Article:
To make the tincture you take the fresh clippings and add them to as high a proof alcohol as you can find, to the ratio of one part plant to two parts alcohol. Mix in a blender before placing in a glass jar and leaving on a sunny windowsill. Shake every day for two weeks before straining out the plant material and store the liquid in a cool, dark place.

Links to research supporting echinacea’s efficacy

Continue reading ‘Echinacea: How to grow and use this powerful antibiotic and immune-stimulant’


Edible Backyard Summer Festival

The lovely Kath Irvine has invited to give seedsaving workshops at the Edible Backyard Summer Festival this February. I’ll also have the new collection of LovePlantLife Seeds available. Very excited! I’ve been to a herbal workshop at Kath’s before and can’t wait to spend two days back there in her wonderful garden with such a fantastic group of presenters.

There are no doorsales for this event so email kath@ediblebackyard.co.nz to book your place today!



Seedlovers, please meet Sophie Munns. She’s amazing!


Terrifically Useful Tuesday: Fungi will save the world, one hypha at a time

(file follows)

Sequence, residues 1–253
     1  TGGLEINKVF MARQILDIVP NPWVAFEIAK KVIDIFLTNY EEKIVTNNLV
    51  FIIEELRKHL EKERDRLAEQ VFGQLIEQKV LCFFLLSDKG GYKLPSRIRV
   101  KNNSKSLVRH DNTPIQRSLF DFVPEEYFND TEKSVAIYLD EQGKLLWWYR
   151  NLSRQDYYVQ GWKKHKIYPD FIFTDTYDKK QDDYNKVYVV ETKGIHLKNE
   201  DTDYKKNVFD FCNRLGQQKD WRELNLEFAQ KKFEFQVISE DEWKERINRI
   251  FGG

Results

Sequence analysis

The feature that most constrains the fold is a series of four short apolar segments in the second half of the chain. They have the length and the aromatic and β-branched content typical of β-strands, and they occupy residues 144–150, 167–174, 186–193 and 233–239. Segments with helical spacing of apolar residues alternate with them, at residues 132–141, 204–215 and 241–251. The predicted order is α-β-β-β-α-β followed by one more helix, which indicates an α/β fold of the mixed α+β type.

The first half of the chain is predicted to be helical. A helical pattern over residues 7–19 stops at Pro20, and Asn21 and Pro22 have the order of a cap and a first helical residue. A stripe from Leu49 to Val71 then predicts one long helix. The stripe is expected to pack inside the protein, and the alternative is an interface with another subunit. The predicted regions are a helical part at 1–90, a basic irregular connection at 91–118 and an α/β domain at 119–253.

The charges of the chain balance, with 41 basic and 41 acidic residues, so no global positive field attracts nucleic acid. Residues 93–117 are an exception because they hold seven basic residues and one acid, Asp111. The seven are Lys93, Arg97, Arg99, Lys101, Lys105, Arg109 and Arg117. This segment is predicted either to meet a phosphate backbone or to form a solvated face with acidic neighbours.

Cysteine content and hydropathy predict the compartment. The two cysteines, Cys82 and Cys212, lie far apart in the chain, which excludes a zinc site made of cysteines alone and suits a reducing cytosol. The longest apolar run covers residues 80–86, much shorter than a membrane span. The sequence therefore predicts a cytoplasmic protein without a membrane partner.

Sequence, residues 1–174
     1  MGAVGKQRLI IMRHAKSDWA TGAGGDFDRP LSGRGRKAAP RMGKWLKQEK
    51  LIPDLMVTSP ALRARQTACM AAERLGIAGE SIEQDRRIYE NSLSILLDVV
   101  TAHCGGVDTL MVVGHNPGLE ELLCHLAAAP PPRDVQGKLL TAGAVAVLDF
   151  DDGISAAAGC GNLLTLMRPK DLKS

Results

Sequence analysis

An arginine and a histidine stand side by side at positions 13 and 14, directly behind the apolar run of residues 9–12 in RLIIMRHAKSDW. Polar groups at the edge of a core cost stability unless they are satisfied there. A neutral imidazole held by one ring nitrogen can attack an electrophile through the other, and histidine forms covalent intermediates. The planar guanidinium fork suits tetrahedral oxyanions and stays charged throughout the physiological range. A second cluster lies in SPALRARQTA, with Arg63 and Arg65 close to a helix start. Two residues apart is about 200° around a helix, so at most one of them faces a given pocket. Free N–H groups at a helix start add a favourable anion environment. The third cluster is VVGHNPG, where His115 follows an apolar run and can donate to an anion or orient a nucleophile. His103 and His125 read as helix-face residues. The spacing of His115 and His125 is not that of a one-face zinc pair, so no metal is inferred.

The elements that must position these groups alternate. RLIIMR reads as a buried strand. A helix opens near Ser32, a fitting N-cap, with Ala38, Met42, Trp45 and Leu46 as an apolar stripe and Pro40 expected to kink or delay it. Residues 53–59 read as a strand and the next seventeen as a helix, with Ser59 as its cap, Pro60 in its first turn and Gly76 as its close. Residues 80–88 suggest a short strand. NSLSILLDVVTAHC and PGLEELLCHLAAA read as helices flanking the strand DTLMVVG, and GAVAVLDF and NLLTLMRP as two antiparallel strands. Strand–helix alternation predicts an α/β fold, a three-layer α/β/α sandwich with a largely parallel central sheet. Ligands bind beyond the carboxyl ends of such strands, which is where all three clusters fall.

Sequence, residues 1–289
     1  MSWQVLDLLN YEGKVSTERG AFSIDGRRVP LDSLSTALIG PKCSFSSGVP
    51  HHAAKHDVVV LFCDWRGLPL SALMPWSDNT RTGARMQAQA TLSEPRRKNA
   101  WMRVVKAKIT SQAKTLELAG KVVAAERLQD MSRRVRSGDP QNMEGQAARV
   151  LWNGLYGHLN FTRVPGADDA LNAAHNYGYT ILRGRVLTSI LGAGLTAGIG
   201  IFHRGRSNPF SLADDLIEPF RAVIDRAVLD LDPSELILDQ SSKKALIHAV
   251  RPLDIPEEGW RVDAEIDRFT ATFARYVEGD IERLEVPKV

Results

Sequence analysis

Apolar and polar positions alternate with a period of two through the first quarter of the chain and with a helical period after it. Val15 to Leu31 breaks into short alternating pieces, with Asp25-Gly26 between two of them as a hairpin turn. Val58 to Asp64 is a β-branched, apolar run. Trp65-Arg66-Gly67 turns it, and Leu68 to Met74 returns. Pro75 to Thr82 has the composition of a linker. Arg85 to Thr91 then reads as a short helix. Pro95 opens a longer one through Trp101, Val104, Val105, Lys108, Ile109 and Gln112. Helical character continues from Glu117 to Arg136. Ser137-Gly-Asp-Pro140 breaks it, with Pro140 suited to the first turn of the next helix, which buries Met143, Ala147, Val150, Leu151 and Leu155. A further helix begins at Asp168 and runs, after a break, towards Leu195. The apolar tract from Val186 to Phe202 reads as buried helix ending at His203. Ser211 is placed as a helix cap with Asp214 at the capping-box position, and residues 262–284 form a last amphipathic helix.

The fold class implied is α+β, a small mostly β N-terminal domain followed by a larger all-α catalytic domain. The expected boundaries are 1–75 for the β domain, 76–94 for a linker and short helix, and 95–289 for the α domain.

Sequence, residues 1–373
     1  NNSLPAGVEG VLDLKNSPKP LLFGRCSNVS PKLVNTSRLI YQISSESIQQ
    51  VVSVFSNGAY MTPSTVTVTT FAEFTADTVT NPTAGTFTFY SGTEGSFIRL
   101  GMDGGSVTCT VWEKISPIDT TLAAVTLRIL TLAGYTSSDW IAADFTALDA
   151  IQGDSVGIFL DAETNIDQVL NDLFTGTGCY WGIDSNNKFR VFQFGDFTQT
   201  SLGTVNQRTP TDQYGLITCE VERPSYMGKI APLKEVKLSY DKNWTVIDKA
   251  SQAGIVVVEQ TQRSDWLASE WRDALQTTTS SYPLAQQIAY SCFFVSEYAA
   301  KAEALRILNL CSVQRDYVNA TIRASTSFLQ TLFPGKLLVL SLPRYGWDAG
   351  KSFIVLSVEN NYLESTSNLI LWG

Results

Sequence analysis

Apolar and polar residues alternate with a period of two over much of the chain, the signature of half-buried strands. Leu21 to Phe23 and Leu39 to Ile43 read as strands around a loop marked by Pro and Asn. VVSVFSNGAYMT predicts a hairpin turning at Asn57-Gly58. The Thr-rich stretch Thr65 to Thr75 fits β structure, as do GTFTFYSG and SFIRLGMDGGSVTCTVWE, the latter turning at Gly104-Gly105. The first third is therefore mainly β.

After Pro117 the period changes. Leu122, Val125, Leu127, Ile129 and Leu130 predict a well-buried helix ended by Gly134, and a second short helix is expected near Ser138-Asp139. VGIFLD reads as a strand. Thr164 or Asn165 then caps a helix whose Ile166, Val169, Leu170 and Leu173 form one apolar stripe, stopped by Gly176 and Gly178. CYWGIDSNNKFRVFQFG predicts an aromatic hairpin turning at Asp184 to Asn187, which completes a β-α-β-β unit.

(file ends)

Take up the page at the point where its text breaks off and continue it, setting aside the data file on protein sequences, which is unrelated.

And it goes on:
This post is part of Terrifically Useful Tuesday looking at the immense benefits plants have for people. See more in this series here.

Paul Stamets: Mycelium Running

For a truly mind-blowing experience you need to see this video. Hell, everyone needs to see it–you won’t look at the earth the same way again. Microscopic cells called mycelium—the fruit of which are mushrooms—recycle carbon, nitrogen, and other essential elements as they break down plant and animal debris in the creation of rich new soil. These mycelium can help save the universe in six specific ways:

  • Mycoremediation – decompose toxic wastes and pollutants,

  • Mycofiltration – catch and reduce silt from streambeds and pathogens from agricultural watersheds),

  • Mycopesticides – control insect populations,

  • Mycoforestry and Myco-gardening – generally enhance the health of our forests and gardens,

  • Myco-pharmaceuticals – treating smallpox, tuberculosis and flu

  • Mycocolonisation – terraform other worlds in our galaxy by sowing a mix of fungal spores and other seeds to create an ecological footprint on a new planet.


Love the video? Buy the book: Mycelium Running by Paul Stamets at The Book Depository.

Want proof? Pestalotiopsis microspora eats plastic!

Quick, cheap and easy to produce but taking an extremely long time to breakdown, polyurethane is everywhere. But an Amazonian fungi can eat it for breakfast (and lunch, and dinner).